This isn't a post bashing poets, because I myself, if you didn't know, am a writer of poetry. And I'm guilty of being frustrated by writing poetry also. See my last post. Or many of them before that. But come on, people.

Let me finish by saying that I'm thrilled for Shane and Blake (if you couldn't tell).

If you've read their blogs, you know that they're indefatigable writers. They don't fuck around. They made these things happen for themselves. And it's completely inspiring. Because people are reading, and people do care about art. We're in this horrendous economy right now, only composition jobs seem to be available for PhDs, and people are getting guns and murdering each other, so it's easy to bitch and moan and want Vinny Chase's life. Or you can work your ass off and get people to read your work. It's not "bragging." It's believing. It's about hope. It's about inspiration. Effusiveness required.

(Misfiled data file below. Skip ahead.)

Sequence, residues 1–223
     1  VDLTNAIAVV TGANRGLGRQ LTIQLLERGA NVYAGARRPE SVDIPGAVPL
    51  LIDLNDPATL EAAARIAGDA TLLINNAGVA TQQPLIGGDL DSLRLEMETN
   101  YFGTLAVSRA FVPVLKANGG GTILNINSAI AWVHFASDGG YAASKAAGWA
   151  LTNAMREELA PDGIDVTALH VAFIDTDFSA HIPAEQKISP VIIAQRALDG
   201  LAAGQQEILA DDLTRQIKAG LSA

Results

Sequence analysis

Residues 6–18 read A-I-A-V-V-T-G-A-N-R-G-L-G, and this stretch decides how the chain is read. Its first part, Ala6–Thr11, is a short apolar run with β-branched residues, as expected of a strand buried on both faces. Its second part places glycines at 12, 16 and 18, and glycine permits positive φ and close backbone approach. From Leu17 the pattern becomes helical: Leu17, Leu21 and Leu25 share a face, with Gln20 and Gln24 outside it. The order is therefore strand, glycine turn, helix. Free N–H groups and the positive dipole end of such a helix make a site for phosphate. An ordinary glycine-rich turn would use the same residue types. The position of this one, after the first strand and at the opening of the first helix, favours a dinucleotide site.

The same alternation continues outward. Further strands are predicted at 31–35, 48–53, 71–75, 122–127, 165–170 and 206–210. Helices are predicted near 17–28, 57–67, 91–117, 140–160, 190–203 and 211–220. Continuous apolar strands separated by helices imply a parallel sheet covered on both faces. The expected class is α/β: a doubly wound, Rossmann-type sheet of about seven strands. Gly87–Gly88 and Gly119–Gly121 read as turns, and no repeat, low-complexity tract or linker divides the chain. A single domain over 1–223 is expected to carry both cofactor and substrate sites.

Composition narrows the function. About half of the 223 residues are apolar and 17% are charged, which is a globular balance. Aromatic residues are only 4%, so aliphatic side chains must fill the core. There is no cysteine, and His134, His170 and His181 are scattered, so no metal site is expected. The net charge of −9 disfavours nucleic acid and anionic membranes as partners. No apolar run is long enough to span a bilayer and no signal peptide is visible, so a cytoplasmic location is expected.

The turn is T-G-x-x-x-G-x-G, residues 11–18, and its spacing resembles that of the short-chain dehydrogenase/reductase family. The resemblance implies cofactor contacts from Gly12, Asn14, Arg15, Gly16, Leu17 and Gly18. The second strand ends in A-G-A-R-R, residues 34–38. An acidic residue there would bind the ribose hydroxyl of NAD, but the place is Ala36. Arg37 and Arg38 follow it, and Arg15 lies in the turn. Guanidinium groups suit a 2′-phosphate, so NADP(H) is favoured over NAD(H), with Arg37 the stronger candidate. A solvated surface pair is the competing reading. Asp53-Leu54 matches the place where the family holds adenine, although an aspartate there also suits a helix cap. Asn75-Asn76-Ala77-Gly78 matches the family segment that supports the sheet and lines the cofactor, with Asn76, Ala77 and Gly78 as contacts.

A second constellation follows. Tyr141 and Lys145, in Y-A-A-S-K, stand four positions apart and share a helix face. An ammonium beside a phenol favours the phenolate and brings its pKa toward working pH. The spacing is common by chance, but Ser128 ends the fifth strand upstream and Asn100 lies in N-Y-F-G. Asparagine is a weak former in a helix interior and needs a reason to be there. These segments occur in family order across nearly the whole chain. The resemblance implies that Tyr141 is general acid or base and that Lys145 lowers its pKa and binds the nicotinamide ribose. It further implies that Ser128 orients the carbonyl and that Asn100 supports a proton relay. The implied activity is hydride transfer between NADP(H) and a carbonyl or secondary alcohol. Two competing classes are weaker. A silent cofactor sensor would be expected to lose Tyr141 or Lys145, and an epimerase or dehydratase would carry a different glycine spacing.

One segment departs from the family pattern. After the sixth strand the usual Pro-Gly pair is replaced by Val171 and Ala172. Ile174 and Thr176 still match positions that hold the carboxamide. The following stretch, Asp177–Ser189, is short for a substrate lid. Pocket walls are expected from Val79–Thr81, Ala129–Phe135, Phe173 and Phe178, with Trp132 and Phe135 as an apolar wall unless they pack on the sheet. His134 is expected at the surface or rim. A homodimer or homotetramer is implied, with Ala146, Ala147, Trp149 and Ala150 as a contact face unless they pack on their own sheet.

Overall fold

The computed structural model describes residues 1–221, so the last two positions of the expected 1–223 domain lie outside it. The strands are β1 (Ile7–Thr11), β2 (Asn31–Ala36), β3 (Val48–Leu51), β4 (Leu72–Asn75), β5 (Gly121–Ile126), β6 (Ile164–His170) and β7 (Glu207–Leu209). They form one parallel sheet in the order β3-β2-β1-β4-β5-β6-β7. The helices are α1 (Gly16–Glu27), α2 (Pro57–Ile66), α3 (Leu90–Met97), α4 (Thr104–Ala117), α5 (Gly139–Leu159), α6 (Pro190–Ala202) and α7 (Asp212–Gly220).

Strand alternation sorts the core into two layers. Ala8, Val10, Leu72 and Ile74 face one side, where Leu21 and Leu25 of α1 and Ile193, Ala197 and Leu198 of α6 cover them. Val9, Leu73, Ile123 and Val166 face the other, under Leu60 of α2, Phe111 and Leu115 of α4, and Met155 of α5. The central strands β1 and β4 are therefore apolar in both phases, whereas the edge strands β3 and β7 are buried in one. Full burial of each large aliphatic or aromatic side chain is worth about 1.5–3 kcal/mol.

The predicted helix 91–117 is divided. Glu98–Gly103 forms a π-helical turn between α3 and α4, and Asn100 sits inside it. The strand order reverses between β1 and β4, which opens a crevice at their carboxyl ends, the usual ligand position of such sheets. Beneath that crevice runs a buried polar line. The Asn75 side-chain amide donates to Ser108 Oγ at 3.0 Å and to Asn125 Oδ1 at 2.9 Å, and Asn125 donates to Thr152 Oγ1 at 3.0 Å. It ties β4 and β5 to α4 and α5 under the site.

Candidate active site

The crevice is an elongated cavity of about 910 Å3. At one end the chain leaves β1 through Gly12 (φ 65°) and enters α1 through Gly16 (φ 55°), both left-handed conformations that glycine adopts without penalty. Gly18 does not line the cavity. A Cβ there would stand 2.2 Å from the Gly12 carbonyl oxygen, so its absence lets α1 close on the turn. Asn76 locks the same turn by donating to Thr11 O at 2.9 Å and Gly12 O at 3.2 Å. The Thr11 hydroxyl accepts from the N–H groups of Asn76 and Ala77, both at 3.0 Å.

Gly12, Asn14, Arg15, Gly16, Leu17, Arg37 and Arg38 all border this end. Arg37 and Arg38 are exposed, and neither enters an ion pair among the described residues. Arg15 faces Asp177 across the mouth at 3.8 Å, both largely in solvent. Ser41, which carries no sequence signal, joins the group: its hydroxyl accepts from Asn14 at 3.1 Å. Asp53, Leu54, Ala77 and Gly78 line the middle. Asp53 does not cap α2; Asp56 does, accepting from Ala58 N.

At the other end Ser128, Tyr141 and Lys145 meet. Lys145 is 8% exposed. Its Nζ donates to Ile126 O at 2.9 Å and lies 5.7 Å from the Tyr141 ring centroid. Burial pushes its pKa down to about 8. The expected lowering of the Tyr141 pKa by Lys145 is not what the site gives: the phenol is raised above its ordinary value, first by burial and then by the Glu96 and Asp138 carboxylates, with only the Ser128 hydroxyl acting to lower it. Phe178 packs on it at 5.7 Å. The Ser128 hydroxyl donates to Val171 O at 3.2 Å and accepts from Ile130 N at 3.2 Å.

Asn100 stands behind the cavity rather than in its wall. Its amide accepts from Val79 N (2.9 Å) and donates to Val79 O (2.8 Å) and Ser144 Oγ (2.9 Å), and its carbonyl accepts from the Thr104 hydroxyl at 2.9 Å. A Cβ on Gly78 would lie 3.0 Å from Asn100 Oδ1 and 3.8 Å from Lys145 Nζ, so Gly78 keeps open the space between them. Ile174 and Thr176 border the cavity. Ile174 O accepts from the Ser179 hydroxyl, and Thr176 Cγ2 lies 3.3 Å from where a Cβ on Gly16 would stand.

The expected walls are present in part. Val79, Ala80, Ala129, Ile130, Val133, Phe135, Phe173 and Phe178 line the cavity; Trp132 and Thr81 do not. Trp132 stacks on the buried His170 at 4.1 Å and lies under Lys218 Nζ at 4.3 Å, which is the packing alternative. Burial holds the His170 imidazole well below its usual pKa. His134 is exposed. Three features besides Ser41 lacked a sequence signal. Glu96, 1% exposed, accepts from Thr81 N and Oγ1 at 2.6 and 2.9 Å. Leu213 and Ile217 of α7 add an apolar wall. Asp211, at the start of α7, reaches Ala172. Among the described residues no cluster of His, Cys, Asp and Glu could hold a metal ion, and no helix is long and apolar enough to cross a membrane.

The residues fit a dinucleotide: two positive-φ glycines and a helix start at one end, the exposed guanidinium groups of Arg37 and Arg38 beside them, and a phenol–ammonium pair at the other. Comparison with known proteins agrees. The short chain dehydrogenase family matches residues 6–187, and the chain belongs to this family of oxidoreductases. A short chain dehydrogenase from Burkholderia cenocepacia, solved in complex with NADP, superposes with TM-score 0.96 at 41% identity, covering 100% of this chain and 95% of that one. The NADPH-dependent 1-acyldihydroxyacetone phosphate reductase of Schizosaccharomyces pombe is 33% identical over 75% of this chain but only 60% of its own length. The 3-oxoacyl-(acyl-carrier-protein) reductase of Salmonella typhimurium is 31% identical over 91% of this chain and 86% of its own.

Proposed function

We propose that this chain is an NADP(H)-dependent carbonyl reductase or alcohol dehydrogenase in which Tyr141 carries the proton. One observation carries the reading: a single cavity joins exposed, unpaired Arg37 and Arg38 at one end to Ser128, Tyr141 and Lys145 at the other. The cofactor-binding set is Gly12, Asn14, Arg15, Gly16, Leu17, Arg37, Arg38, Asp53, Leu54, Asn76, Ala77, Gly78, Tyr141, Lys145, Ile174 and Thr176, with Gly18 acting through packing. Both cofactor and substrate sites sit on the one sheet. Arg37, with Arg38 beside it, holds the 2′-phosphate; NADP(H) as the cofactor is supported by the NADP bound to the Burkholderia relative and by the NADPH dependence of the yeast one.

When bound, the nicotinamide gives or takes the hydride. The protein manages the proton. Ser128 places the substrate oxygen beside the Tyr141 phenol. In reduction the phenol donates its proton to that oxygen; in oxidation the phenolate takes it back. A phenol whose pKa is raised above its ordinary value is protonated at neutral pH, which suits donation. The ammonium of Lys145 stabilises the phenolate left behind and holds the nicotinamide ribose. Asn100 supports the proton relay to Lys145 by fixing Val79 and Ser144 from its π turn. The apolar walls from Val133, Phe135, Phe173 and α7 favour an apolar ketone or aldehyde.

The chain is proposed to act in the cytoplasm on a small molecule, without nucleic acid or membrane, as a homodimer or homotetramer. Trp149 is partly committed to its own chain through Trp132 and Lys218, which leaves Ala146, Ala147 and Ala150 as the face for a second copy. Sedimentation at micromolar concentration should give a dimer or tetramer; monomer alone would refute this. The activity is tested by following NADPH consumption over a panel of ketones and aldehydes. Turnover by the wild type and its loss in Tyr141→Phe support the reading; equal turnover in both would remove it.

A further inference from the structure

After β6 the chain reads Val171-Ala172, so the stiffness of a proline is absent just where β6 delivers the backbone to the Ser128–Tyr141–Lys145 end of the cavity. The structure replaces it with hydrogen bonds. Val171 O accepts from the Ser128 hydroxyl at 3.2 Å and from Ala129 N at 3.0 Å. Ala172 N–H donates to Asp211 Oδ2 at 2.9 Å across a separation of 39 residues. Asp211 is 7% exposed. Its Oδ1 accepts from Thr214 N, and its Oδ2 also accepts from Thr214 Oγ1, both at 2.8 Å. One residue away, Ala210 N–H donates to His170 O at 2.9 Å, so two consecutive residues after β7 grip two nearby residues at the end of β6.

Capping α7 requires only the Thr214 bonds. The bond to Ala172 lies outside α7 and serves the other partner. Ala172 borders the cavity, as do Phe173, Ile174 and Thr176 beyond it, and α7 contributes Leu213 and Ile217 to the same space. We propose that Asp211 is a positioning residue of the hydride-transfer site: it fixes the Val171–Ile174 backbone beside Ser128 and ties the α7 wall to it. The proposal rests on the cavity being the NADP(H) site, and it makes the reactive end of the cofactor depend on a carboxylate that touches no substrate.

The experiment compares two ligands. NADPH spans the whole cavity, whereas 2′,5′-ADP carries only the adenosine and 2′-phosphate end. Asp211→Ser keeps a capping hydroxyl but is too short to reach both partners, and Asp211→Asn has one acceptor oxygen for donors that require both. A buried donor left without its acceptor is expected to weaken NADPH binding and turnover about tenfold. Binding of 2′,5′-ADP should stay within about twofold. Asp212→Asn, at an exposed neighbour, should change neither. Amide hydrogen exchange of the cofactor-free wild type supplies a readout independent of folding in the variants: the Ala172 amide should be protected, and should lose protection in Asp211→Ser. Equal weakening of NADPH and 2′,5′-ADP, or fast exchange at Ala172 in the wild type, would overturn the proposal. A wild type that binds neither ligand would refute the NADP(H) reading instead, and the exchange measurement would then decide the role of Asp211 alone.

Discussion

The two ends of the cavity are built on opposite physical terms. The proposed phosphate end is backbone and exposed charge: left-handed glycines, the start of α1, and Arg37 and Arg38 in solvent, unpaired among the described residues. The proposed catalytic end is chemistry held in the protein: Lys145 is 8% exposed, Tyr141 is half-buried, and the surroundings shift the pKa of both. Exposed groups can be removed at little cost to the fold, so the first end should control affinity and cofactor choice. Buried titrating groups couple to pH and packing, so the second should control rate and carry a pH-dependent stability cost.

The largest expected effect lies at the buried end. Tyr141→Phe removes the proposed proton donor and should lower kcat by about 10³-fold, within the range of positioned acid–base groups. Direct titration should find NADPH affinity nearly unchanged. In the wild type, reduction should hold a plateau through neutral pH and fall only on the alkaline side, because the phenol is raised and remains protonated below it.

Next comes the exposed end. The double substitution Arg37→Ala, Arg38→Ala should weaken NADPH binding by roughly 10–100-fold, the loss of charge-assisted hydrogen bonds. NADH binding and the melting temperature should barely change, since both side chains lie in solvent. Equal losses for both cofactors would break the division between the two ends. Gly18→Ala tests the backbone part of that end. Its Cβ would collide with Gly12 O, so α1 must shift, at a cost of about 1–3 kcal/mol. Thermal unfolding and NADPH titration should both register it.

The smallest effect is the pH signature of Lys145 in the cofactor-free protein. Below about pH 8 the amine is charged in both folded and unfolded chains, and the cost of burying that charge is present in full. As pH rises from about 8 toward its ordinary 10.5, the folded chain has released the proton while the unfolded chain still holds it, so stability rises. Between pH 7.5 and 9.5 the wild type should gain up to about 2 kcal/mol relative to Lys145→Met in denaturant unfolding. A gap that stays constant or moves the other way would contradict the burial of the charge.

Monday, October 5, 2009


Jess calls a kind of malaise that sets in during periods of moving and transition, fittingly enough, "Transition Keith." I can get irritable, depressed, and annoyed at stupid things. I'm usually not like that at all.

And it gets worse because I know I'm acting like that and have a hard time combating it. I think it was delayed this time around; it's almost been two months since we got here, and I think it set in at the end of last week.

I also keep forgetting that there's been a bit of a whirlwind the last three months, so the delay makes sense I suppose. I guess I had too much to think about, so much that there was no real rumination.

But the first semester at a new place is always tough. And considering I remember how awful my first few months at VCU were, that alone is able to take me away from the funk a bit, because things have been much better than that here.


The Giants are 4-0 for the second year in a row, but the injury bug seems to be biting again. Here's to being healthy and the streak continuing.


I'm looking to work on a new project as far poems go, but right now I'm not sure what it's going to be. Sometimes when I'm not writing I feel, probably unnecessarily, guilty. It's silly, but it happens.

There was a period after I felt Ghost Lights was completed where I pretty much knew it was either going to get published in a handful of years or I'd burn it and forget about it. I knew that because I wasn't writing poems that would fit in that particular book, and I felt like I couldn't write poems that would ever fit in that book. Poet maturation? Not sure.